Seventy out of the top 100 human food crops, which supply about 90 percent of the world’s nutrition, are pollinated by bees.2

Well, big deal, you think, this just sounds like a futuristic, dystopian future, right? Not quite. Bee populations have been steadily declining for years. It is estimated that the number of bee colonies in the UK has fallen by 53% between 1985 and 20053.

Main causes

There are several factors which have contributed to a decline in pollinators across the globe. Bees have been affected by diseases caused by parasites which have come from imported bees. Loss of natural habitat has had devastating consequences, as well as drastic weather patterns witnessed in the last few years, where winters have been harsh and springs have been cold. These conditions are hard for bees to deal with. Recently, a phenomenon called Colony Collapse Disorder (CCD) has been witnessed in the USA where entire colonies die out 4. The cause for this is unknown, however there are theories that suggest that genetically modified crops may be the cause. Pollution, especially for urban population of bees, has also been attributed to the decline in bee numbers. This is particularly a problem in places like China, where bee populations are so low that flowers have to be pollinated by hand.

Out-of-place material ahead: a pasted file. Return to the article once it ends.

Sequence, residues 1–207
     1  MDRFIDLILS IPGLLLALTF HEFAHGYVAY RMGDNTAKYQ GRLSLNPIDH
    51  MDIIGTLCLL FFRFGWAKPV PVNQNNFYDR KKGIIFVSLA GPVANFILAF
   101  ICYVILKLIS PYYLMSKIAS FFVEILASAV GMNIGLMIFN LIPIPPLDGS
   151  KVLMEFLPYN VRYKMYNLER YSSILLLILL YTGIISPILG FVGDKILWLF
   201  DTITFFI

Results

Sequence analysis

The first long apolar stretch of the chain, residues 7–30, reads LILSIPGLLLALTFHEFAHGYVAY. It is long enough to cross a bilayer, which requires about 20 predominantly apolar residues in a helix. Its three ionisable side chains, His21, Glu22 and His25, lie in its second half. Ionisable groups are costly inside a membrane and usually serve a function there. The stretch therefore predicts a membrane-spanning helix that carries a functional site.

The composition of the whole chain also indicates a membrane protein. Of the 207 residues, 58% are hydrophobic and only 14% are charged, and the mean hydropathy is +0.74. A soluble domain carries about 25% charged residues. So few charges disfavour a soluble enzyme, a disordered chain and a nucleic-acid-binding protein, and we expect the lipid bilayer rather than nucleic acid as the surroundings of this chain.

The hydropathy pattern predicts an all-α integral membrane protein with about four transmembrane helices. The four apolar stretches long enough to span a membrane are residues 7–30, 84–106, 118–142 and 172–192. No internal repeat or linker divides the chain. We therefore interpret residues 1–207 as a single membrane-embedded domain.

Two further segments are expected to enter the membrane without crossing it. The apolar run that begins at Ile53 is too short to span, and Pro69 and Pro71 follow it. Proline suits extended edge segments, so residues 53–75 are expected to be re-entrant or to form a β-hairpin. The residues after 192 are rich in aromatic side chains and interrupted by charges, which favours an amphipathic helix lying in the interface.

A devastating habit that humans have is the use of pesticides. The chemicals used in pesticides have a devastating effect on bees and have been one of the main factors in the decline of bee populations globally. This graph shows the number of incidents (unexplained deaths of bees) investigated in the UK and how many of those incidents were attributed to pesticide use.

Bee death incidents

Source: Opera Research Center 5

Although it may seem like pesticides don’t cause all the problems, it’s important to remember the data above is based only on information which was voluntarily submitted by beekeepers, so actual numbers could very much different. As outlined earlier, bee population declines have been attributed to several factors, but pesticides remain a very destructive reality. Thankfully, as they are created and used by humans, we can at least try our best to control how we use and manufacture them.

In 2013 the EU banned a number of pesticides shown to be particularly harmful to bees 6. Hopefully in the coming years, the ban will have a favourable effect on bee populations. As the graph below shows, the use of pesticides in the UK has been steadily decreasing in the last decade. If this trend continues, perhaps bee populations will level off and maybe even increase.

Use of pesticides in the UKUse of pesticides in tonnes

Source: FAO data 7

What you can do to help

The pesticide ban is a step in the right direction, but the problem of declining bee populations is still very real. The good news is everyone can do their bit! The simplest way is to plant certain types of flowers in your garden which bees love. The Royal Horticultural Society has created a handy list of plants and flowers favoured by pollinators or check out this interactive guide by the Bumblebee Conservation Trust, which help you identify which plants in your garden are bee-friendly. Alternatively, you can become a beekeeper! The British Beekeepers’ Association is the perfect place to start if you’re thinking of keeping hives. And if you come across a bee that is crawling about, looking weak, you can help them. Go here to learn how to revive a tired bee.

Throwing a few seeds around your garden takes seconds, so let’s all try to do our bit to help out the bees. We love our food, so we need to love our bees!


1 http://sos-bees.org/situation/